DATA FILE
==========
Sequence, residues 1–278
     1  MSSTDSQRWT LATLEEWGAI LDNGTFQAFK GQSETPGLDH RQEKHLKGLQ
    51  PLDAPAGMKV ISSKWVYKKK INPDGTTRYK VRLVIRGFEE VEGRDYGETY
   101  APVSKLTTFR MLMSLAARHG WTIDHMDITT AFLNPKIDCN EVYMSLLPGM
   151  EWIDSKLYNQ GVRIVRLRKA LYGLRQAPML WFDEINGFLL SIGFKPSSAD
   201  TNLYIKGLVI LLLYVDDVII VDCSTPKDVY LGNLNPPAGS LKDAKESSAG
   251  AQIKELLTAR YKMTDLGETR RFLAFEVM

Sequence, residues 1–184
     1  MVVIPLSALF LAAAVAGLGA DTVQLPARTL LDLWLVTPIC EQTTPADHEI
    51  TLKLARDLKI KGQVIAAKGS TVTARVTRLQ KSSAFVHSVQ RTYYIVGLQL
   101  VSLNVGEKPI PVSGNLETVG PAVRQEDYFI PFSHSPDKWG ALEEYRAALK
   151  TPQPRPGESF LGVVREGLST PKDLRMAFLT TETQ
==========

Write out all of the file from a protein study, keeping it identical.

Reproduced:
Sequence, residues 1–278
     1  MSSTDSQRWT LATLEEWGAI LDNGTFQAFK GQSETPGLDH RQEKHLKGLQ
    51  PLDAPAGMKV ISSKWVYKKK INPDGTTRYK VRLVIRGFEE VEGRDYGETY
   101  APVSKLTTFR MLMSLAARHG WTIDHMDITT AFLNPKIDCN EVYMSLLPGM
   151  EWIDSKLYNQ GVRIVRLRKA LYGLRQAPML WFDEINGFLL SIGFKPSSAD
   201  TNLYIKGLVI LLLYVDDVII VDCSTPKDVY LGNLNPPAGS LKDAKESSAG
   251  AQIKELLTAR YKMTDLGETR RFLAFEVM

Sequence, residues 1–184
     1  MVVIPLSALF LAAAVAGLGA DTVQLPARTL LDLWLVTPIC EQTTPADHEI
    51  TLKLARDLKI KGQVIAAKGS TVTARVTRLQ KSSAFVHSVQ RTYYIVGLQL
   101  VSLNVGEKPI PVSGNLETVG PAVRQEDYFI PFSHSPDKWG ALEEYRAALK
   151  TPQPRPGESF LGVVREGLST PKDLRMAFLT TETQ